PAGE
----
Today’s stories include a struggle to restore corporate trust, the complex nature of identity in the age of Brexit, the challenge of maintaining fairness in sexual assault cases, an effort to make professional growth more attainable, and a tightrope walk between cultural appreciation and appropriation.
But first, a look at people power.
From Chile to Lebanon, Iraq to South Africa, people are taking to the streets. Their demands vary from country to country, and often from protester to protester. In each case, the spark that set the people alight has been unique to that place, that time. But a common fuel courses through each movement: a desire for justice and liberty shaped by the people.
Popular uprisings aren’t unique to this era, of course. “It feels a little like ’68 here,” says Monitor correspondent Howard LaFranchi from Santiago, Chile, where a flare of tempers over a hike in metro fares ignited into a full blown blaze of fury over disparities in health care, education, and living conditions.
“It’s a watershed moment for Chile for sure,” Howard tells me. “What’s hopeful about it is a new sense of solidarity that people recognize is coming from the youth. That’s why the adults are behind the kids marching.”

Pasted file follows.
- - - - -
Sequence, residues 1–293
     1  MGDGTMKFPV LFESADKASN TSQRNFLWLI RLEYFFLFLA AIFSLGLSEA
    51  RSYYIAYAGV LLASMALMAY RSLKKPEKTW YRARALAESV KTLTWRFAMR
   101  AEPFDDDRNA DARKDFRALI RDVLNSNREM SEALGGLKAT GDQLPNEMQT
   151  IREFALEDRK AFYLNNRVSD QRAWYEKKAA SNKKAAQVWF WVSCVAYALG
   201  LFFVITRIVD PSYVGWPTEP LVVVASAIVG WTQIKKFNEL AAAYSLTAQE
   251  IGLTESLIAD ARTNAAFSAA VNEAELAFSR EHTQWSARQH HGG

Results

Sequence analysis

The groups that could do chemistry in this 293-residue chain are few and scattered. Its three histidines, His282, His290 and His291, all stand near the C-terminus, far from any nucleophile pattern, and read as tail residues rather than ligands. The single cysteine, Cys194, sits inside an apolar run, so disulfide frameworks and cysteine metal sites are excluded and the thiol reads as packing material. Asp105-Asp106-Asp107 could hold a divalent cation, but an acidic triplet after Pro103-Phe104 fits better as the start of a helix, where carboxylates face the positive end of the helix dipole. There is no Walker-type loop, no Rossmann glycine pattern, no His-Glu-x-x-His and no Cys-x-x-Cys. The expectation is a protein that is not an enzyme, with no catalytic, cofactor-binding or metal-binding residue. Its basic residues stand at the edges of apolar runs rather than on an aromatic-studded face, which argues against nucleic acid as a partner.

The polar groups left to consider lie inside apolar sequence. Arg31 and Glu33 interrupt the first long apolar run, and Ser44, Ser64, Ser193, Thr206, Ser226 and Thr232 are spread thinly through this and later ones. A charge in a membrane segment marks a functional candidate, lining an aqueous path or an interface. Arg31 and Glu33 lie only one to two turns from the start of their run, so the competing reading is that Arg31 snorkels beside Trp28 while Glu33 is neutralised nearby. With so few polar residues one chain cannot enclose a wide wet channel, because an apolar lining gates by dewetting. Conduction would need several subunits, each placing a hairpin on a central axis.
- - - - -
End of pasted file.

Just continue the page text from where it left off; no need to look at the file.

Likewise in Barcelona, Hong Kong, and Beirut, young people have emerged as the collective force behind the surge in protests. Mixing lessons from previous generations with the tools of social media, they have given birth to a different kind of collectivism. Whether they can achieve their aims without any defined leadership remains to be seen. But what has become undeniably clear is that they will continue to fight for their own visions of liberty and justice, together.
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